Research has suggested that one way to encourage students to complete course evaluations is to illustrate their importance by giving examples of how instructors have used their course evaluations to improve their teaching.

The student evaluations from very early on in my teaching career said I taught too quickly. With that in mind, I asked an external observer to come in to the class, observe and make suggestions. I made some pretty dramatic changes early on based on the student feedback and the peer observer's suggestions.

I taught Pure Mathematics (PMATH) 334 - Rings and Fields with Applications many years ago, and gave quizzes every Friday at the beginning of lecture. I deliberately made the quizzes easy, aiming to make them completable in 10 minutes, but I gave the students 20 minutes to actually complete them. Most students finished after 10 minutes, but there were always a few stragglers that took the entire 20. At the end of term, I got scads of complaints about the quizzes on the evaluations, complaining that they were useless and annoying. One student wrote, in large letters, “QUIZZES ARE FOR FIRST YEARS”.

The feedback clearly showed that the students did not enjoy the quizzes. However, I had observed during the term that the students were only frustrated and annoyed during the time they had to wait for other students to finish. So when I taught the course again the following year, I again did quizzes on Fridays at the beginning of lecture (the same quizzes!), but gave the students only 10 minutes to complete them. At the end of term, the students were enthusiastic about the quizzes, many of them saying how much they enjoyed them and how much the quizzes enhanced their learning in the course.

None of the students ever complained that they had too much time to complete the quizzes. But I think the evidence is clear that they did. I think of this as evidence of the importance of understanding the true meaning of student comments, and not getting sidetracked by what the students actually say.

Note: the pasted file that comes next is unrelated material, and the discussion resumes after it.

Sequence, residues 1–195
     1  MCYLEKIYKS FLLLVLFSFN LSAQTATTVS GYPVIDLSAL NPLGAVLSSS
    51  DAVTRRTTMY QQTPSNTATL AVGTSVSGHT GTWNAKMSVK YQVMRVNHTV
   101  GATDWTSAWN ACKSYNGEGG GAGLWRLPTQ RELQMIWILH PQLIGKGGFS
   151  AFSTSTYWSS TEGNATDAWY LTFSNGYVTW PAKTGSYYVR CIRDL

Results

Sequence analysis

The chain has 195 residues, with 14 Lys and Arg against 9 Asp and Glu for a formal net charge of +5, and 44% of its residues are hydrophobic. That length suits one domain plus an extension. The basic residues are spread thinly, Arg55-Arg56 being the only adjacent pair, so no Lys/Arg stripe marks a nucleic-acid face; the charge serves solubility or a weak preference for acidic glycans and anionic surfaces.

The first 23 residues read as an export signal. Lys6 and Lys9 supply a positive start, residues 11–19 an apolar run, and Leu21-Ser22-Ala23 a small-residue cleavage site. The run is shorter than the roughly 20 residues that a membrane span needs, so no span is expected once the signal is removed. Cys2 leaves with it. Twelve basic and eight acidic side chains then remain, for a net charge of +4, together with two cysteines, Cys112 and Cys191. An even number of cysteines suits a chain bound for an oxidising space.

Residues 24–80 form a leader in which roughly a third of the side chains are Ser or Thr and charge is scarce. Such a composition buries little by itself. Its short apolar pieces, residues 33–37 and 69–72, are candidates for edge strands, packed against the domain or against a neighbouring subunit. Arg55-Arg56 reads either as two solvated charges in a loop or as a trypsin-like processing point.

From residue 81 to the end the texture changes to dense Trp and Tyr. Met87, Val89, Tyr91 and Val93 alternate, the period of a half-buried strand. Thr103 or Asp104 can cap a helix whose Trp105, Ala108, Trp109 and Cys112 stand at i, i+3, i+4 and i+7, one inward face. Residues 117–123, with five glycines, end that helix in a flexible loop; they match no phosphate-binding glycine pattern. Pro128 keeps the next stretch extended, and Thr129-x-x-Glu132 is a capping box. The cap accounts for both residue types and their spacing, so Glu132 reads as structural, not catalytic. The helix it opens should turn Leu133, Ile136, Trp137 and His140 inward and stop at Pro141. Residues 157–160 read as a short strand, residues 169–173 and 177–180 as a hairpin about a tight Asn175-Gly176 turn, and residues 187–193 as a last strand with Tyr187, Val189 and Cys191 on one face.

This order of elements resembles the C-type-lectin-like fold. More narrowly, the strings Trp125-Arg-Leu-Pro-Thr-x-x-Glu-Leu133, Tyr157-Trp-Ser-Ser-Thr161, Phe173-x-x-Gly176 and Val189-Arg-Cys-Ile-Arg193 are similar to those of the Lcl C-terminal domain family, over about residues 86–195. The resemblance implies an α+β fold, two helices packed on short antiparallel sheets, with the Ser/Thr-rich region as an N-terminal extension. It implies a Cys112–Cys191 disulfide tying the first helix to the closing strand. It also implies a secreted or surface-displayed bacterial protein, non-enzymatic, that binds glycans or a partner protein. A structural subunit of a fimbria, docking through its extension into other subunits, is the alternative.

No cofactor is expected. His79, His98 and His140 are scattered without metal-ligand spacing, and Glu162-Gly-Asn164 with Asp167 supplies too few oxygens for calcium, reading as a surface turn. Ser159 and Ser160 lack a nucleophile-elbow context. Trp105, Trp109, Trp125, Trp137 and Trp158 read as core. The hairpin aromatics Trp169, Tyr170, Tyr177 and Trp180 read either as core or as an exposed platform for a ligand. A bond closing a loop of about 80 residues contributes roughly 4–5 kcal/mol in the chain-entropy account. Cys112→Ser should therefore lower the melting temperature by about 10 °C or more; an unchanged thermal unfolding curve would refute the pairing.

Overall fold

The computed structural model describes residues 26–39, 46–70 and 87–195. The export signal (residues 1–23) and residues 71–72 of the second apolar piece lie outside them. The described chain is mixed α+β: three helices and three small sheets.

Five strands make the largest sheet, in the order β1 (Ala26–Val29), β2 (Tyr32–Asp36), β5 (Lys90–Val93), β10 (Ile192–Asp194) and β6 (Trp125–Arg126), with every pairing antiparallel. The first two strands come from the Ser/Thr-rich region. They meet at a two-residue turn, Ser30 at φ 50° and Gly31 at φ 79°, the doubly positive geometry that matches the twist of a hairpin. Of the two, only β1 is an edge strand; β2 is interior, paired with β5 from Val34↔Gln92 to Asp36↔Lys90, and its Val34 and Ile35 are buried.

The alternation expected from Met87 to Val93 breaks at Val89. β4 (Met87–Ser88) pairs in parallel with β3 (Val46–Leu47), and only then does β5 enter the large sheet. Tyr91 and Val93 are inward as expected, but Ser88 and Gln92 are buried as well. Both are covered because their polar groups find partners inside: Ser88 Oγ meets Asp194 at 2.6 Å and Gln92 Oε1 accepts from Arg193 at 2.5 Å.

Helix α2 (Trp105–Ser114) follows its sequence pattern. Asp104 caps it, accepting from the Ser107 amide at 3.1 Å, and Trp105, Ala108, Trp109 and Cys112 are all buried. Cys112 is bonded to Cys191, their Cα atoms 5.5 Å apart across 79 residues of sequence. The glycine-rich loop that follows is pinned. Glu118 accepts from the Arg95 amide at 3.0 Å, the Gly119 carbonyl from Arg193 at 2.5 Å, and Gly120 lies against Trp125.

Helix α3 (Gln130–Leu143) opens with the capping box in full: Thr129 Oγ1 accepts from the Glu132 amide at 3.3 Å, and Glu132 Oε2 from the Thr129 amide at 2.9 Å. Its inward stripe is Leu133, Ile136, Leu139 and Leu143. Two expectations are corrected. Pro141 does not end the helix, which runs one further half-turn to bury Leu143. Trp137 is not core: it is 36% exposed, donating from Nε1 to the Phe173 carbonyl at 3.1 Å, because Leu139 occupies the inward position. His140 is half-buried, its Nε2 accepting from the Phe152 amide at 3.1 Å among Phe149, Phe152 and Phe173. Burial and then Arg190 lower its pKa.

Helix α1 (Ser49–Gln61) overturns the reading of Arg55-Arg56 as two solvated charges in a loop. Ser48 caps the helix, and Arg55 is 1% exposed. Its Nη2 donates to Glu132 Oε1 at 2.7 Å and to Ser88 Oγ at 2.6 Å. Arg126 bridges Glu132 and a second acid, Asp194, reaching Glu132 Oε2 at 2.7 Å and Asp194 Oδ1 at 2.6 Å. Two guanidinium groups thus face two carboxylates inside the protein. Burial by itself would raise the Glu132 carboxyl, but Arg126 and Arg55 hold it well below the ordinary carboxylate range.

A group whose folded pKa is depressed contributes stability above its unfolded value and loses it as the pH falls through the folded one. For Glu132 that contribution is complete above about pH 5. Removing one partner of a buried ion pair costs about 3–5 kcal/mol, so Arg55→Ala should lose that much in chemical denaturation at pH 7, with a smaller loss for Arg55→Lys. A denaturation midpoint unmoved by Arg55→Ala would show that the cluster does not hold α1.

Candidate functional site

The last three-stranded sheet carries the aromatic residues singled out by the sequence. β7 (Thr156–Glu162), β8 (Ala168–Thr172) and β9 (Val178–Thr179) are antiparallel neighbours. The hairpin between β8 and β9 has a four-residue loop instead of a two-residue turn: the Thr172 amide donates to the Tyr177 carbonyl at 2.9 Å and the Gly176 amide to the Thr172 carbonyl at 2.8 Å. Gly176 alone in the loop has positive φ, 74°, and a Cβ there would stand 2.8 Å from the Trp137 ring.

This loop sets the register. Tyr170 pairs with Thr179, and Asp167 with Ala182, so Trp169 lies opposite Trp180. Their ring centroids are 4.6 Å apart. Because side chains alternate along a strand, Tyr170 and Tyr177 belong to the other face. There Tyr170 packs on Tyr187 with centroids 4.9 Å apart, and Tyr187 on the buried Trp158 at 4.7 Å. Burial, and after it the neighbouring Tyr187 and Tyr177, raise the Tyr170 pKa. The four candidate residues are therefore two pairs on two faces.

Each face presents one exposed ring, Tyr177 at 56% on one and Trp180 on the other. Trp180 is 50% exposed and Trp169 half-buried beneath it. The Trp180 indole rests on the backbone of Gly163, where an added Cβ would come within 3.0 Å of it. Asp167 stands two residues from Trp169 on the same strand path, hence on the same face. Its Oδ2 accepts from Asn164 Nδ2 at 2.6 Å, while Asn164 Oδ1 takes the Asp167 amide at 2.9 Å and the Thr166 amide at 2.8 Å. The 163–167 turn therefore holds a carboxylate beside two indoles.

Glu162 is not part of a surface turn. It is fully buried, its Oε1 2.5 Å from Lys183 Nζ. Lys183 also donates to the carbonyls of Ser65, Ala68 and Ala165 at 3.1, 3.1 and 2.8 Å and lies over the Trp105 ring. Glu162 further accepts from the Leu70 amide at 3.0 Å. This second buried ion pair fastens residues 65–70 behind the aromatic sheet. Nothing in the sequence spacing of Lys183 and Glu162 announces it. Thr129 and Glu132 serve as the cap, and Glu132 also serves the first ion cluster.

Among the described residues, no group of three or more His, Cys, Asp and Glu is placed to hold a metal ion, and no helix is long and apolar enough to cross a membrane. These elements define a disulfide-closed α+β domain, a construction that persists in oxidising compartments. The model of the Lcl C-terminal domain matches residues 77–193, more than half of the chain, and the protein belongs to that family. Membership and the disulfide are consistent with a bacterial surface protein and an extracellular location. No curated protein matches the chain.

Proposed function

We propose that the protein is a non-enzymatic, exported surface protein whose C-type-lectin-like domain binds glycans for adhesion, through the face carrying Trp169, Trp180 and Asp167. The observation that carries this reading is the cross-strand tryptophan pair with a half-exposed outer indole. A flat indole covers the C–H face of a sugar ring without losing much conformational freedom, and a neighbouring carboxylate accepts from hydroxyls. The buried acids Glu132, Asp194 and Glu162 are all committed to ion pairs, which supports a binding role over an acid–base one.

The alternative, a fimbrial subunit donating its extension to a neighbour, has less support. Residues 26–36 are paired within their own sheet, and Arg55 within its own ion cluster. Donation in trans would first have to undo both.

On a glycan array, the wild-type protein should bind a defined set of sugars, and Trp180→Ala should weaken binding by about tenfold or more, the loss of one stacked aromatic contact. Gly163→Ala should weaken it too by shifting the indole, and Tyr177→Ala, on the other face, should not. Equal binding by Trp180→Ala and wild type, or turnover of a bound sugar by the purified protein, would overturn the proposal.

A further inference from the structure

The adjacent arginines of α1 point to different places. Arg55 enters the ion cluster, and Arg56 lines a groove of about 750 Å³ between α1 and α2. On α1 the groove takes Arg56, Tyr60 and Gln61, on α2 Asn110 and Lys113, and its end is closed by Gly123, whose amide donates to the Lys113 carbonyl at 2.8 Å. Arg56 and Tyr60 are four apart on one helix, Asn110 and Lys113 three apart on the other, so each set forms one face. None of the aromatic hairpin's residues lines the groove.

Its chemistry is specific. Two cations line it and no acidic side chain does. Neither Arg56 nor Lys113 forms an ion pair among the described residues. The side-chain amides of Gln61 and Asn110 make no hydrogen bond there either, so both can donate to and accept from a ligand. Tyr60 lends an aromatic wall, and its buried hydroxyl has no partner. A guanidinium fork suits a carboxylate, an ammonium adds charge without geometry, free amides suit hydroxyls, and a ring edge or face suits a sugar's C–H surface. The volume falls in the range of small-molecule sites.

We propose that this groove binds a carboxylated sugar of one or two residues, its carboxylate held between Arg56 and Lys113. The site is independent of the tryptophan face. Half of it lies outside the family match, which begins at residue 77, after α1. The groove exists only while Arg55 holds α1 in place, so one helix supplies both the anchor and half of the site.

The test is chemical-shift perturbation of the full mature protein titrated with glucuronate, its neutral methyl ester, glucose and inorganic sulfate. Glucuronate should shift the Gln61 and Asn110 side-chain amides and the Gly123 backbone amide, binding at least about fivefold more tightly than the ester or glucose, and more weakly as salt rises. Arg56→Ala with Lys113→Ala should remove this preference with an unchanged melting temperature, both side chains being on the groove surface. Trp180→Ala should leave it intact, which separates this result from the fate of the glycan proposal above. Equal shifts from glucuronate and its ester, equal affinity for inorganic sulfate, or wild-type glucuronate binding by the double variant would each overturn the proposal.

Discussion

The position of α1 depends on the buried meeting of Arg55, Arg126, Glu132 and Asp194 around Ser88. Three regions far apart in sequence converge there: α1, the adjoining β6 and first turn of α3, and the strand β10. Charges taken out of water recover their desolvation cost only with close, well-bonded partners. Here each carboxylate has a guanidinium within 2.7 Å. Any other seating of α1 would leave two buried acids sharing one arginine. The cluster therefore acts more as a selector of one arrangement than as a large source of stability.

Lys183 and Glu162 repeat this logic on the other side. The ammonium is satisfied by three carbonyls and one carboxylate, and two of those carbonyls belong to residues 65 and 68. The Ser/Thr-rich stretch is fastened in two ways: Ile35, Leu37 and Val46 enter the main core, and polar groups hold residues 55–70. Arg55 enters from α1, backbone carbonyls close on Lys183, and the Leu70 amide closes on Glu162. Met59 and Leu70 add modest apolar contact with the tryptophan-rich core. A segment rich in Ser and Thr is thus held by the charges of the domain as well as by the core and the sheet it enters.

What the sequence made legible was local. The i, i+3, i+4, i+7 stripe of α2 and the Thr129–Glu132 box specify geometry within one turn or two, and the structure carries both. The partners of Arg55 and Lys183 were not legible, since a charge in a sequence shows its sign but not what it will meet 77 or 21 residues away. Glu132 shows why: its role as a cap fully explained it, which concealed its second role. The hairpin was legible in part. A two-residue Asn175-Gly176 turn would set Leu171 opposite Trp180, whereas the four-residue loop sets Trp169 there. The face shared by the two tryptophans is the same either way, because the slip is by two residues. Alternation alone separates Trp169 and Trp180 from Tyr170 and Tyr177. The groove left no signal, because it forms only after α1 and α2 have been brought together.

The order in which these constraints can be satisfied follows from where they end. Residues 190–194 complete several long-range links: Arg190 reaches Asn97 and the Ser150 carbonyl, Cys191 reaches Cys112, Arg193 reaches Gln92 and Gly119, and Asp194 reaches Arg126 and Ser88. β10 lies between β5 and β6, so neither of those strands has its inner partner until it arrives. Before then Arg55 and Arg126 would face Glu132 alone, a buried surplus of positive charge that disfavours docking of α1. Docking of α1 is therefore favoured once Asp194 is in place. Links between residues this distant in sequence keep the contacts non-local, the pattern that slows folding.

I used to get comments along the lines of "assignments are unrelated to lectures". Now, in at least one course I teach, each assignment question is followed by a little blurb that comments on the theme it addresses, skill it reinforces, or concept it tests. They are nice little teaching moments that make explicit what I used to perhaps naively hope would be automatically deduced. Moreover, they force me to think ever more critically about exactly what questions to ask. An example from a Computer Science (CS) course in which students have to write a little mathematical function:

Care needs to be taken when writing applications because, while integers are stored precisely, real numbers are represented by possibly imprecise approximations. This is especially true when working with very large numbers (e.g., astronomy) and very small numbers (e.g., quantum physics).

Teaching evaluations provide me with very valuable feedback. From them, I have learned what is effective and what is not, telling me what I must continue doing, and what I must improve. Comments I have read in students evaluations forced me to improve my use of the blackboard. Other encouraged me to keep being available for students and to keep learning names. Both positive and negative comments are useful to me, as long as they are fair.

I have definitely used my evaluations to try and improve my courses. When I first started some students commented on my lecturing speed, i.e. that I sometimes spoke too fast. This made me more aware of my speed. I have removed things from my slides which helps slow me down because I now have more to write, and I repeat important statements twice or more in class to ensure that everyone is able to take note of them. This was mainly with my STAT 230 and STAT 202 course.

I also teach HSG 605/KIN 631. For this course students noted that firstly they would like more examples related to their field. I did some research to find more examples for them. They also noted that they would like more structured notes and I am currently working on these.

**
Reza
Ramezan**
discusses
the
value
of
midterm
teaching
evaluations.